Deacon gives Esto Vir participants ideas to live out roles as fathers, dads
APPLETON — Catholic men attending the Esto Vir (Be a Man) men’s conference Feb. 28 at St. Pius X Church walked away with practical ideas for living “as a man of God.”
The pointers came from Deacon Harold Burke-Sivers, the first and only black permanent deacon serving in the Archdiocese of Portland, Ore. The deacon’s imposing frame and commanding voice helped get his message across to the approximately 650 men and boys attending the fourth annual conference.
God is at work! Exciting things are happening! I’d like to share some of the good news in the area of vocations in our diocese.
Since the beginning of his time with us in the Diocese of Green Bay, Bishop David Ricken has emphasized the importance of nurturing vocations to the priesthood and religious life. All vocations are so important, especially the vocation of marriage, within which our faith is shared with our children. At this point in history, we have a special need to raise up priests and sisters to serve God’s people.
Passion play will highlight 10-day trip
ALLOUEZ — Green Bay Bishop David L. Ricken will be the spiritual director for a pilgrimage to Austria and Germany in September and October 2010. The highlight of the pilgrimage, sponsored by The Compass, will be attending a performance of the world famous Passion play in Oberammergau, Germany, on Oct. 2.
According to Compass advertising and marketing manager Amy Kawula, only 48 spots are available on this trip. Reservations are on a first-come, first served basis.
Author, lecturer to speak at diocesan Team Days March 20
ALLOUEZ – Paul Wilkes has covered wars as a reporter, spoken with the Dalai Lama, lived as a hermit in a Trappist monastery, written 20 books, given lectures across the country and produced an acclaimed television series, yet he describes himself as “just a regular guy who feels optimistic about this church.”
“Through all the failures and triumphs in my life, I’ve always come back to the basics of faith,” he said. “There is no better way to live a life than as a Catholic, and the best place to live your faith is in your parish.”
Support offered to cancer patients, families by hospital chaplains
GREEN BAY — You are never alone during your journey through cancer.
That’s what Connie Worzalla, patient care coordinator at the St. Vincent Regional Cancer Center in Green Bay, wants you to know. And so does John Viste, chaplain at St. Vincent Hospital, whose ministry focuses on serving the needs of patients and their loved ones dealing with the challenges of cancer.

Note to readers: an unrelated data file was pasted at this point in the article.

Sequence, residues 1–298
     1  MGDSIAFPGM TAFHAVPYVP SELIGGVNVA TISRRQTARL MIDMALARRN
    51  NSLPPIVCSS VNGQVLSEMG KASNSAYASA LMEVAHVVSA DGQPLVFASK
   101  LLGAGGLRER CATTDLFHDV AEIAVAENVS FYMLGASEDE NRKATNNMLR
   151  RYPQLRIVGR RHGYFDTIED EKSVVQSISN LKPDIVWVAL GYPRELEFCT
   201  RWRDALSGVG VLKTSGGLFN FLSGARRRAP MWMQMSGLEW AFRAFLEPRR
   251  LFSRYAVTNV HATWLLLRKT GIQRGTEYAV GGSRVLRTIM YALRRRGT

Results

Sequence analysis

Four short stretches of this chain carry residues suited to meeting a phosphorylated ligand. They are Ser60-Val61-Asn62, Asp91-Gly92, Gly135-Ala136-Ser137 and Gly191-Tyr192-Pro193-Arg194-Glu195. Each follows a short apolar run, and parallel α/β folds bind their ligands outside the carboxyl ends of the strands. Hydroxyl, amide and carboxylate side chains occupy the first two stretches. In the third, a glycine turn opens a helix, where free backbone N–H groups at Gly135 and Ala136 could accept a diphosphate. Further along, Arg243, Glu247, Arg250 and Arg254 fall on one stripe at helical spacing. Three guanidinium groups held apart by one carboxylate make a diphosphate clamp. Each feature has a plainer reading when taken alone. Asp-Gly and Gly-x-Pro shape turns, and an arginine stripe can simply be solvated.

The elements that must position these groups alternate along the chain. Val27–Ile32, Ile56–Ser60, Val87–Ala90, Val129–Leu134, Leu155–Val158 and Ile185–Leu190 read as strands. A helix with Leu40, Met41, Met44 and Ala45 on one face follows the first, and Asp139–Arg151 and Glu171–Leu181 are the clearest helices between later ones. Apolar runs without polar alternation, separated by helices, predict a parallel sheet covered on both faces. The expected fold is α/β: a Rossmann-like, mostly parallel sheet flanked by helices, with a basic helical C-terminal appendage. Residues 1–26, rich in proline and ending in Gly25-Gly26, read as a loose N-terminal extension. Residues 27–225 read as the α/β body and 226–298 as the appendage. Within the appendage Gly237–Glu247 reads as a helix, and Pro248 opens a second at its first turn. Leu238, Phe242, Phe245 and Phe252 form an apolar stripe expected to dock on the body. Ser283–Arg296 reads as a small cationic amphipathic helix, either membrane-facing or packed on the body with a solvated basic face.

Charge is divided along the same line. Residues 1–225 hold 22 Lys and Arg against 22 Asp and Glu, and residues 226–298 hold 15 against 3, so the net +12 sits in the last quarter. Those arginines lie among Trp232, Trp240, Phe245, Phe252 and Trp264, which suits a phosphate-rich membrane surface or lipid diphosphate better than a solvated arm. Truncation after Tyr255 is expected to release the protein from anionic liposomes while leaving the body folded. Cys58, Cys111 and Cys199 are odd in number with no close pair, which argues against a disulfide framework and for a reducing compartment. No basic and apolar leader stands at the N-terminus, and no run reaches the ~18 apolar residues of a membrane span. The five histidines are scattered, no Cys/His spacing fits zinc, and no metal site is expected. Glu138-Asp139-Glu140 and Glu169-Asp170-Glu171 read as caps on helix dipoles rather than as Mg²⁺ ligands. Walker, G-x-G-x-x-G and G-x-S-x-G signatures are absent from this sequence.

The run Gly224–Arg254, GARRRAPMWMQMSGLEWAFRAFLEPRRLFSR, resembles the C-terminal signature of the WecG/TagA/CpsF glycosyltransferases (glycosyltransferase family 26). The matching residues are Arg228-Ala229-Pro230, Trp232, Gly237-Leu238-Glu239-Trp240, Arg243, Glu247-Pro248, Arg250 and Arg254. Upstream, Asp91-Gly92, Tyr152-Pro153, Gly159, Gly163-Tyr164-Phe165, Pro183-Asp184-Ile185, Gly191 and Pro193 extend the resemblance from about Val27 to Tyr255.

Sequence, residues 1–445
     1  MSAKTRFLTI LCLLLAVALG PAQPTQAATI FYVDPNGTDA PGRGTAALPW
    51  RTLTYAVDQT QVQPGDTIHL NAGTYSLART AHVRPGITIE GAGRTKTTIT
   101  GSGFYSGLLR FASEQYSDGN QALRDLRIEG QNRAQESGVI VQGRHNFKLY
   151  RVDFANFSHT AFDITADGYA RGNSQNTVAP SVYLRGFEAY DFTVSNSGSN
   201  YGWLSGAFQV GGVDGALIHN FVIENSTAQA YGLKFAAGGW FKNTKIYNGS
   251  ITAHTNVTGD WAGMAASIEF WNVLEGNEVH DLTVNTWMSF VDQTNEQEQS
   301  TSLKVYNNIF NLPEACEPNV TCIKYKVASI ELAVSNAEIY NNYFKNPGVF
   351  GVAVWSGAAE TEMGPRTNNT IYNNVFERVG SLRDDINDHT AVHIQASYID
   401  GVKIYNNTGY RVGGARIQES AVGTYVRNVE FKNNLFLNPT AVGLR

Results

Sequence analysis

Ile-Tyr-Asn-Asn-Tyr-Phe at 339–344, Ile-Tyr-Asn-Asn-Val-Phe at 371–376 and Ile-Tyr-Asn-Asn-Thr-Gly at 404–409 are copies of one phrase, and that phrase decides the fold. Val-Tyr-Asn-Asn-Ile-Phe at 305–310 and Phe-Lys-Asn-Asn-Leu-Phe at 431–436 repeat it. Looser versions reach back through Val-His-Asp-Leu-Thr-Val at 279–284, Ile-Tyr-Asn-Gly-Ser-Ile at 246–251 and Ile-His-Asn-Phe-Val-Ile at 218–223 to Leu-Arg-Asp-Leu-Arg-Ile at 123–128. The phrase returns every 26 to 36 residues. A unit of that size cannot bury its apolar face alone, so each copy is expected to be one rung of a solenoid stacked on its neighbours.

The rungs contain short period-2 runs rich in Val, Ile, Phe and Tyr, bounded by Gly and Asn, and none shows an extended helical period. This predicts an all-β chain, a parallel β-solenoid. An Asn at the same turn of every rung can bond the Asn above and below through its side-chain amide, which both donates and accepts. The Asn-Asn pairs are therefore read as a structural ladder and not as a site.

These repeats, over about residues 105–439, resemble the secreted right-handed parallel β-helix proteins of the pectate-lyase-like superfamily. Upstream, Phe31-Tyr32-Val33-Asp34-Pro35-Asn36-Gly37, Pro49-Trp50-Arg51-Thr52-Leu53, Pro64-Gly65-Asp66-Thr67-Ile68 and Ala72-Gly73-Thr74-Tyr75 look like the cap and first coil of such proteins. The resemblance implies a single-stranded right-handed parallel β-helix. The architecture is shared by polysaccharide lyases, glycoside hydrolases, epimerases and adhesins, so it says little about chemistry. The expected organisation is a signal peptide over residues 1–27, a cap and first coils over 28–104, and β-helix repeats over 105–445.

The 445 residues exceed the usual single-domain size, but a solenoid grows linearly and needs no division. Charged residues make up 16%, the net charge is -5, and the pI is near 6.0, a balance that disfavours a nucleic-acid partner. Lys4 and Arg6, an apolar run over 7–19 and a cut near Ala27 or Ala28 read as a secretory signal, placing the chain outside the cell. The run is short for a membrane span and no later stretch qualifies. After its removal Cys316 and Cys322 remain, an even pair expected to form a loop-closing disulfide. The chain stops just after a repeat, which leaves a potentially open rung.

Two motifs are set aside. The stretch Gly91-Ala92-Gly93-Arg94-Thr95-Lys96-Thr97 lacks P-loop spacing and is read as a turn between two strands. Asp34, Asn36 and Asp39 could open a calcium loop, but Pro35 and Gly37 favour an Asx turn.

APPLETON — As the end of life approaches for those with terminal cancer or other conditions, hospice services offer patients and their families in-home assistance with physical, emotional and spiritual needs. For those with a life expectancy of six months or less, services are covered by Medicare and most insurances.
“And we do have indigent funding for those who are unable to pay for it,” said Carolyn Batton, director of Affinity Hospice serving the Appleton, Oshkosh and Chilton areas. “Nobody goes without it.”
Wish List 2009: Lenten giving seeks Easter joy
GREEN BAY – Lent is a time we are asked to fast, pray and give alms.
It is also time for the annual Lenten/Easter Wish List, to which Compass readers have given generously since 1993.
The list links readers with some of the smaller organizations that help the poor, elderly, sick and disadvantaged around the diocese. Over these 16 years, 288 group requests have been placed on the Wish List. At least half the requests have been filled each year. Last year, 75 percent of the groups received donations from the list.
Listed below are groups, a description of their work, requests and a contact person. Whatever you choose, tell them that you read it in The Compass, so the project can continue to grow. Make personal contact with each group. Even if you wish to stay anonymous, telling the group you read about them in The Compass will help us track the success of the wish list.
Following Cole Ruotsala’s cancer death, family creates Web site to pray for others with cancer
GREEN BAY — Eight months ago, Moireen and Aaron Ruotsala of Ironwood, Mich., were celebrating the birthday of their oldest son, Cole, with a traditional 3-year-old’s birthday party. It was a lovely June day and there was cake, ice cream and, of course, lots of toys. Cole’s younger sister, Chanielle, 2, was there too and mom and dad, who were just married in 2004, were also looking forward to the birth of their third child.
But then there was an incident.
Cole bumped his stomach – hard – on a toy truck. So off to the emergency room the Ruotsalas went. Cole was fine – at least on this June day.
Cooley says people facing cancer often rely on faith to help them through
GREEN BAY — Life and faith intersect daily for Dr. Greg Cooley in the people he treats as a radiation oncologist at St. Vincent Hospital.
“It’s sometimes good to feel good about your faith and where you are, but cancer is just gross reality,” Dr. Cooley said. “It brings your faith down to this dirty, meaty, tough, tough position where you grasp reality.
Third in a series
GREEN BAY — How can objects so heavy that they sink to the bottom of the water form a cancer risk? They can if they’re polychlorinated biphenyls. And PCBs in the Fox River occur at the highest rate of any state bordering Lake Michigan. The current cleanup project of the river, expected to last at least 10 more years, is the largest in the country.
It’s important to remember that rates of environmentally related cancers are much lower than that of cancers related to smoking, diet or hereditary factors. Links to environmental causes are more tenuous, and studies still in their early stages.